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The unholy health harvest

The unholy health harvest
Indian healthcare industry is ailing due to corruption and malpractices in the system. Helpless and prolonged tolerance to corruption has rendered the society to live with these corrupt practices. Government and people, in general, are not bothered anymore as they have become habituated to live in these conditions. Real condition of India’s health, as described in the WHO report, is quite disturbing. It shows that India’s health parametres are worse than many other developing countries like Sri Lanka and Iraq. According to the UN Human Development Index 2014, a child born in India today has less probability of survival than in Sri Lanka or Iraq, due to lack of health awareness in public, poverty, illiteracy, and malpractices in the healthcare system.

Prevalence of corruption in healthcare has multiple forms. The health problems faced by India’s poor population are caused not only by lack of drugs but also by prescription of substandard drugs by the doctors; the pharmaceutical companies lure the doctors for monetary and material gifts, and in the exchange have them to prescribe their substandard drugs. Although interaction between medical practitioners and industry is necessary to familiarise the doctors about the therapeutic qualities of new drugs, but such interaction almost always leads to corrupt practices like bribing and profit maximisation.

The influence of industry on physicians is an issue of concern in both developed and developing countries, but it can be particularly dangerous in developing countries where doctors make paltry salaries and may rely heavily on gifts (both monetary and material) from the pharmaceutical industry to supplement their livelihood. Corruption in this sector undermines quality of health services and health outputs. Vulnerable section of the society is victimised by the collusion of doctors and pharmaceutical industry. Substandard medicines weaken the immune system of the patient’s body and as a result of this a lot of non-curable diseases have chances to affect the patient. All this fills disbelief in the healthcare system in the mind of people and discourages them to go to evidence based therapy and instead motivates them to go for traditional and non-scientific therapy.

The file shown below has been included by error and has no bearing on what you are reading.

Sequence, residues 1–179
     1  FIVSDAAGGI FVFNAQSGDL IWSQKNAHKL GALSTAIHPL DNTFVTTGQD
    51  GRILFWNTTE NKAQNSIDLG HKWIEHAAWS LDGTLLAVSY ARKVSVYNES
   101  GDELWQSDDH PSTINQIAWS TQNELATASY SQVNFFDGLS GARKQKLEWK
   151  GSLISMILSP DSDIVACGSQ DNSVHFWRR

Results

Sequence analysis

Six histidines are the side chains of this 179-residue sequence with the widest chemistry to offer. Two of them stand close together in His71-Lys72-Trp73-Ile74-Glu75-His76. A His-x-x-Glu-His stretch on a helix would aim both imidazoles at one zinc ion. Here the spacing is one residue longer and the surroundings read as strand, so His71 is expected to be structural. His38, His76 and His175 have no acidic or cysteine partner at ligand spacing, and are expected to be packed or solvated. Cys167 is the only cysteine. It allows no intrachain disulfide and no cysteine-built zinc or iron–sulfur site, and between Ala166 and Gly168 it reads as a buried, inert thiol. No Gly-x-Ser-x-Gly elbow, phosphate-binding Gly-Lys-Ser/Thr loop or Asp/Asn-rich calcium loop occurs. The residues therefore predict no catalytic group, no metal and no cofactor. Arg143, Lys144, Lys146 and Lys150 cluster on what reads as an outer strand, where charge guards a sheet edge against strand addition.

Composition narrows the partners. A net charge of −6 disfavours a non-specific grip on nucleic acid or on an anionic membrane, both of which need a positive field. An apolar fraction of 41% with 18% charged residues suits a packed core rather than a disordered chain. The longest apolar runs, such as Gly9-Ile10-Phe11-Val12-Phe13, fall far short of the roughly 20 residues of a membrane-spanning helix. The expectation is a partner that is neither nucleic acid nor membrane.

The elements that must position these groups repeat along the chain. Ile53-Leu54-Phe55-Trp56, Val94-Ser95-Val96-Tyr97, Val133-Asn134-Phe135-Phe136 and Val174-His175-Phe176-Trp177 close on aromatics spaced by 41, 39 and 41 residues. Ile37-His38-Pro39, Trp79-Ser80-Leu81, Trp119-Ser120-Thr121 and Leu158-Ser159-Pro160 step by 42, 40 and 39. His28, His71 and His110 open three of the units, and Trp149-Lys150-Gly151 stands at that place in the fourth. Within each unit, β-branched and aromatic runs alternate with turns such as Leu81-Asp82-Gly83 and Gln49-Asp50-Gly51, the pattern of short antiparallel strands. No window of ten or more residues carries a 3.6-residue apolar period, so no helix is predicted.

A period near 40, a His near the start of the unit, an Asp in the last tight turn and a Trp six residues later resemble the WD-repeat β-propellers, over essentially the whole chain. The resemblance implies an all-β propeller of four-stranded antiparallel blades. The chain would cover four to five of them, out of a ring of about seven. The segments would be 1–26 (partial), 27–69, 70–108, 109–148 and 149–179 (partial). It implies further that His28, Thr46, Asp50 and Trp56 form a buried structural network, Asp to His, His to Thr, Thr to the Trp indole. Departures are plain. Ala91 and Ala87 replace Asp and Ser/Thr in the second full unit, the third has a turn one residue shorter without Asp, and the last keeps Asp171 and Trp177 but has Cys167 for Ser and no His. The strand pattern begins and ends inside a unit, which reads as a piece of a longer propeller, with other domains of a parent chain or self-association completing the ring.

Many cases of hysterectomy (removal of a woman’s uterus by surgical operation) have been registered in rural India. Only after a woman’s ultrasound doctors tell them that their uterus was cancerous and needed to be removed, were they subsequently removed. And thus the greedy private medical practitioners perform unnecessary hysterectomies on rural women, and take advantage of weaker and illiterate people. Neo-liberal policy of United Nations is giving too much emphasis on privatisation of healthcare systems which provided a favorable environment for corruption.

This privatisation allowed  arbitrary behaviour of private hospitals fostering highly constrained environment in hospitals where patients have to pay illegal fees and doctors prescribe unnecessary medical test for their maximum profit. Inappropriate and irrational use of  high-tech and expensive diagnostic tests are widely prevalent in hospitals such as CT scan etc. The great scale of privatisation of healthcare sector is responsible for weaker position of vulnerable people.

Doctors working for government hospitals are getting paltry salaries in comparison to private doctors and this has increasingly allowed them to open private clinics, spend more time in their private clinics and consequently influence and refer patients to take treatment in their private clinics. Lack of effective monitoring systems by the government gives a chance to doctors to either be absent from duties or not be serious while performing their duties.